Natal, Brazil. 24th June, 2014. Luis Suarez (URU) Football/Soccer : FIFA World Cup Brazil 2014 Group D match between Italy 0-1 Uruguay at Estadio das Dunas in Natal, Brazil .

Remembering when Luis Suarez stole the show at the 2014 World Cup – for all the wrong reasons

The vibes at the 2014 World Cup were unmatched on so many levels – and then Luis Suarez came along to provide a moment that took the tournament to another dimension of bizarre.

A gunman of the highest order, footballers like Suarez thrive on the world stage. Once every four years, all eyes are on them. In moments like that, you step up or step aside. Stepping aside isn’t an option for a player like him. Ever.

High stakes like that make tournaments like the World Cup so special. The best of the best locking horns, upsets galore, vibes off the chart and none of it stops for the best part of a month.

With that, though, is a boiling point. A boiling point that seemingly becomes a lot lower when victory and defeat is the difference between another step towards a trophy, or going home empty-handed.

Players like Suarez will do whatever it takes to win. And by whatever, we mean whatever. Bending the rules WWE extreme rules match style. If Suarez could come onto the pitch with a trashcan full of miscellaneous weapons – for the sake of winning – he most probably would.

But unfortunately, weapons aren’t allowed in football. Nor are extreme acts of violence. Has that ever stopped the Uruguayan forward from compromising, though? Don’t be daft.

In 2010, he was banned for seven matches and fined by Ajax – his own club – when he sunk his teeth into the shoulder of PSV Eindhoven’s Otman Bakkal in a 0-0 draw. He bit an opponent. Do you realise how unhinged that is?

We’re all for a tactical foul to stop a certain goal, or even a less tactical, more physical crunching challenge with no aim of getting the ball, merely to ‘let ’em know you’re there’. But biting? Yeah, he’s got that dawg in him, alright.

You’d have thought that after a seven-game ban, widespread media attention, a hefty fine and no win at the end of the game, that Suarez would’ve learned his lesson. Less teeth in opponents, more footballs in the goal. Thing is, he was always doing that second part. Bloody good at it, too. But the burning desire to win goes beyond scoring goals.

It didn’t stop him from repeat offending upon moving to the Premier League, being handed a 10-match ban for biting Branislav Ivanovic. Surely he wouldn’t do it again after that. Surely.

Of course he did.

In the city of Natal on June 24 2014, Uruguay achieved a monumental upset by knocking Italy out of the World Cup in the group stages. Diego Godin’s 81st-minute header to win the game deserved to be the talking point of the tournament. But it wasn’t, because his colleague had the taste for human flesh again.

A minute before the towering defender bludgeoned the ball beyond Gianluigi Buffon, Suarez turned into a man possessed. A viper. A rabid wolverine.

The clock was ticking, and the adrenaline was flowing. And with the tensions high, he just couldn’t help himself. The blood was pumping and Suarez went to the dark place. During a scuffle in the box between himself and Giorgio Chiellini, waiting for a ball to be delivered, he strikes. The mouth opens and the teeth sink into Chiellini’s shoulder.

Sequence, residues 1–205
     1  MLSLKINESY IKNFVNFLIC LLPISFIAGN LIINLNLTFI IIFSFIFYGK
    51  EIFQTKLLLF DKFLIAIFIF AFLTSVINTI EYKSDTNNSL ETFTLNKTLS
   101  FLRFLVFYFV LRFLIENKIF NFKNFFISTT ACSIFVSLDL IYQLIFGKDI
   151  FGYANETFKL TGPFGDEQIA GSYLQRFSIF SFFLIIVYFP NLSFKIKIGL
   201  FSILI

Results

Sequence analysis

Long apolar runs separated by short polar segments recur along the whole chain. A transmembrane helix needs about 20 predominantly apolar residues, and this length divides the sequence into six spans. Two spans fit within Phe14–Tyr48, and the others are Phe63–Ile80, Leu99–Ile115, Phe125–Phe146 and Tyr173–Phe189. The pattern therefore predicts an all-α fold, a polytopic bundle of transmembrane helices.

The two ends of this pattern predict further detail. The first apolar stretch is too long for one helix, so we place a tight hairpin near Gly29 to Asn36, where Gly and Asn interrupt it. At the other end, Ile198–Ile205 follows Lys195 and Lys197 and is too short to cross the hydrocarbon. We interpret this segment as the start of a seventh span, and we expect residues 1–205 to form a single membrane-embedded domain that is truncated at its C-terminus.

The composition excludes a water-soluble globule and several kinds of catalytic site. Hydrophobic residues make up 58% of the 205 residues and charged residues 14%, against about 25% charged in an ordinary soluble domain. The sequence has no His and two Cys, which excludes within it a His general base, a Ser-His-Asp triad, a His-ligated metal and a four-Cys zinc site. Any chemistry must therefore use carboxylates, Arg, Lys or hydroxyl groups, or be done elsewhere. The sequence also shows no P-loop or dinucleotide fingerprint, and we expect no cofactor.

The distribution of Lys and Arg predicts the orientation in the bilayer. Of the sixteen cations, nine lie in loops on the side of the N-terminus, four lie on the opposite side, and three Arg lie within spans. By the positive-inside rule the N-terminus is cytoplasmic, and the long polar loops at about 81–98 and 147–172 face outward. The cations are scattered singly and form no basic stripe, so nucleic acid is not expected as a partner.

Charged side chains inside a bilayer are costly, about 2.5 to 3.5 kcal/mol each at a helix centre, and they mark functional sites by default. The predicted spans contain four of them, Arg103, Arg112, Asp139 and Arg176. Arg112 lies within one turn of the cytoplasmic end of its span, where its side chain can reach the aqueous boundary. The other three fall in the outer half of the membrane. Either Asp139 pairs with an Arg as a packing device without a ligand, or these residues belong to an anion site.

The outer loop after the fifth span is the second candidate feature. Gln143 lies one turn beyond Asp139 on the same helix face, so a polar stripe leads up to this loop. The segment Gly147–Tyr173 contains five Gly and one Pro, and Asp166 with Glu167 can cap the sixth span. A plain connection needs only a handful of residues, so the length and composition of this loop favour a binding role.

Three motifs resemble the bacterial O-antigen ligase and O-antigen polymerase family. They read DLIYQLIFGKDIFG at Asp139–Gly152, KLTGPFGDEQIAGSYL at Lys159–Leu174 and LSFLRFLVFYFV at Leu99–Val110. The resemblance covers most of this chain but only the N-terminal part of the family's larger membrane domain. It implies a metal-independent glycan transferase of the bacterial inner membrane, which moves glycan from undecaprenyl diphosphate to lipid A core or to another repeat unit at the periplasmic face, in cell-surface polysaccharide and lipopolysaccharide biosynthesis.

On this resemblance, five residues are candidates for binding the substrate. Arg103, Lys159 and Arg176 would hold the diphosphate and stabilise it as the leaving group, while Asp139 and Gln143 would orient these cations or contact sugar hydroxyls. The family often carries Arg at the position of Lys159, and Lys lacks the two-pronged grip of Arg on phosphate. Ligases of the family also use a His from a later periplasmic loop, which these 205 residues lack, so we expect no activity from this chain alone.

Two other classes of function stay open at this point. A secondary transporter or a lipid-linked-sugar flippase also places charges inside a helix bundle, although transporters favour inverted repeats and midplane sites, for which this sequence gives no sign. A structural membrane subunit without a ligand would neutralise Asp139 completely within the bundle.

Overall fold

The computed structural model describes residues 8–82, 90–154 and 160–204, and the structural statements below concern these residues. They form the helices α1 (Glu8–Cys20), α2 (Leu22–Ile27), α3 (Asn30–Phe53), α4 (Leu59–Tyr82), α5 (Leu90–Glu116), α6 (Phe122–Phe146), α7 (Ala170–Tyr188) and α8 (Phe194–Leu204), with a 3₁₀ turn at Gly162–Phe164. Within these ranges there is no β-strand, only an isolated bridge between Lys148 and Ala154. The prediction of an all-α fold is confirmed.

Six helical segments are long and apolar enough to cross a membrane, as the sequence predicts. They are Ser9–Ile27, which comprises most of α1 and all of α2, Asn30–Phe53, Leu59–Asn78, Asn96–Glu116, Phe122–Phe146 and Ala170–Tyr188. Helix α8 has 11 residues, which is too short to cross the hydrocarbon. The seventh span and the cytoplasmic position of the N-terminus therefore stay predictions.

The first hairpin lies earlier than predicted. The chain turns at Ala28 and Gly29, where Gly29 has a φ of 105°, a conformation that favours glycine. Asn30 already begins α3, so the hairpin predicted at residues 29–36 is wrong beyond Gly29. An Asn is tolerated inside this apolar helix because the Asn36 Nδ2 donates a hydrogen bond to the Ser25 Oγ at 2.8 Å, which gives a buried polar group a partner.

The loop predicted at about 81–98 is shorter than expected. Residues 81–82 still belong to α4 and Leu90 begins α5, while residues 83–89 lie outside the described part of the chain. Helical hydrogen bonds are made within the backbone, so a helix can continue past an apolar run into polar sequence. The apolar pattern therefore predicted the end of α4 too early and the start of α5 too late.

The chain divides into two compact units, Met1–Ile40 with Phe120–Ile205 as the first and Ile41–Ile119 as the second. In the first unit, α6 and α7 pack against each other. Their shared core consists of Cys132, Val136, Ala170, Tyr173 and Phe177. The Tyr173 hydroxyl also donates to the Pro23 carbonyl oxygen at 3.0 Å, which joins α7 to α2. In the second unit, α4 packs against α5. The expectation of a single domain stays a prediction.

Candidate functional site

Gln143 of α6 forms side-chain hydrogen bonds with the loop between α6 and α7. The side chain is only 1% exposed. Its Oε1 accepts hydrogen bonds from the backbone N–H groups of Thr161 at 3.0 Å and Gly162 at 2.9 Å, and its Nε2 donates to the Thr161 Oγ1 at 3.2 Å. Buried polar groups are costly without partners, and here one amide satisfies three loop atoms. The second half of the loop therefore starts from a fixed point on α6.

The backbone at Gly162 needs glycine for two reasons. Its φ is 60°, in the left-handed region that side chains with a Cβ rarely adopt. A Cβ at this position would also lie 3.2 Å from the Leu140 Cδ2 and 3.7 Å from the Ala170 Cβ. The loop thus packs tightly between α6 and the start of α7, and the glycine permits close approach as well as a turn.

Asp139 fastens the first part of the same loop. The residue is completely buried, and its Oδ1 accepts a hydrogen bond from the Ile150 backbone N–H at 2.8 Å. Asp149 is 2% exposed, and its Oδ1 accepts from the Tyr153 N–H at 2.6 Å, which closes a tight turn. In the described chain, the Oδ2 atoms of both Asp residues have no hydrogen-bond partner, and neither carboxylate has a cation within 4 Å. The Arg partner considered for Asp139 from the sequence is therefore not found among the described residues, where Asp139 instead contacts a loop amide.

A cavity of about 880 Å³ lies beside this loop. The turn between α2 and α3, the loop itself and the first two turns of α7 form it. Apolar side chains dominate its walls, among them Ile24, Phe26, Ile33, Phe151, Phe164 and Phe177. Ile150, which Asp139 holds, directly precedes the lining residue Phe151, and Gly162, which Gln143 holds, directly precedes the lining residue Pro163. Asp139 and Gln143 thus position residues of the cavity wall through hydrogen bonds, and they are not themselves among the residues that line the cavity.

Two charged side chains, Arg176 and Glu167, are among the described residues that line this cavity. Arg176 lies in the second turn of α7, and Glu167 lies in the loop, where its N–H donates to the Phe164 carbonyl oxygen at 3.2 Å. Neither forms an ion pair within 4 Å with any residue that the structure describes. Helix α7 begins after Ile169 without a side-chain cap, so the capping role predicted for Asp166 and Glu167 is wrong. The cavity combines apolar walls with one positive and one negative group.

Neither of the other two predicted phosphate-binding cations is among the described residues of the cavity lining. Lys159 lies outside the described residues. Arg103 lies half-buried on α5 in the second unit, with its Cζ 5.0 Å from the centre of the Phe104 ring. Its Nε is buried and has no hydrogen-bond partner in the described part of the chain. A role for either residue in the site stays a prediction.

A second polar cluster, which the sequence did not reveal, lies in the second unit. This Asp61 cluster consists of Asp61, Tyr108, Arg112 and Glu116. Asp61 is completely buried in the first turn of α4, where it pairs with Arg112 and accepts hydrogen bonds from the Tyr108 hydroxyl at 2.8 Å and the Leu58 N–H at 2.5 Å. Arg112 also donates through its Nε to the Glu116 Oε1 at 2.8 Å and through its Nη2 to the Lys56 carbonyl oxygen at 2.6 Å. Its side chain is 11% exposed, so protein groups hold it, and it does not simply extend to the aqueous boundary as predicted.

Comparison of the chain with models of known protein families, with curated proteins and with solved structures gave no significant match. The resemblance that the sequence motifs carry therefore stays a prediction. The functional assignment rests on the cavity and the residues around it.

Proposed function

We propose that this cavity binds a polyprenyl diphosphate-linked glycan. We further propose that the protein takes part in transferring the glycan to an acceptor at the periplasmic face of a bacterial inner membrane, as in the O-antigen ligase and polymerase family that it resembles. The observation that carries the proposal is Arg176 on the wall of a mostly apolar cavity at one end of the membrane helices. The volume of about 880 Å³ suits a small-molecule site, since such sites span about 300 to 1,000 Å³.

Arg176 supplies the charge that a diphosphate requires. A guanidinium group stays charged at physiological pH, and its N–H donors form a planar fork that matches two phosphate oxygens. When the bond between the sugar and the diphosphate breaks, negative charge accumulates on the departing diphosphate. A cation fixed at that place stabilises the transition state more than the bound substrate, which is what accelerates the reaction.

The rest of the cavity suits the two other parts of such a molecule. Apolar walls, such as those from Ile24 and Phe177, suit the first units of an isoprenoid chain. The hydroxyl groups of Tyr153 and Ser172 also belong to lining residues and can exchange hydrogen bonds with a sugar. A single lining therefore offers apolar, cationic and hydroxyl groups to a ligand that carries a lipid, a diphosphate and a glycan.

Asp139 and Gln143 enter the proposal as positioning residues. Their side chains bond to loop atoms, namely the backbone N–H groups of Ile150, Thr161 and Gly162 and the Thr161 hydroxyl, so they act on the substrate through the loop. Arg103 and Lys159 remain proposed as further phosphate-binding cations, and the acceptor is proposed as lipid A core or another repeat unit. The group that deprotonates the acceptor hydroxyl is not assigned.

Both men fall to the floor, Suarez holding his teeth playing the victim, the world stunned. Chiellini drops to the floor signalling for help. Even he was bewildered. What do you do when you’re bitten by your marker, fighting for your life at the World Cup?

When those replays emerged, the incident didn’t feel real. Had Suarez actually just done that? Yes, he had. Again. And to make things feel even more insane, it wasn’t Italy who would strike back with a lethal dose of karma; it was Uruguay.

Godin had no time for feeling sorry for Chiellini, instead heading his nation into a last 16 tie with Colombia at the Maracana. But would Suarez be there?

He could be banned, he could be sent home – hell, he could even be sent to a lab at this point, to make sure he’s not some sort of genetic freak footballer turned vampire.

Some sort of justice would be served in the following days, with Colombia winning 2-0 to send Uruguay flying out of the tournament. But what was done was done. Suarez had just bitten someone for a second time. How on earth does football respond to one of the game’s greatest players committing such an inhumane act?

A four-month ban from all football activities would follow. But that wouldn’t stop Barcelona from getting their man – and paying a pretty penny for him. There’s no bite without bark, after all, and Suarez was louder than ever with his scoring exploits. As polarising a figure as he was, the boy could score. And score he did, the minute that ban was served.

The World Cup is a tournament built on moments. And while the best of those moments are often involving the ball, Suarez’s bite on that afternoon in June 2014, on the grandest stage of them all, will forever remain one of the game’s most unforgettable incidents.

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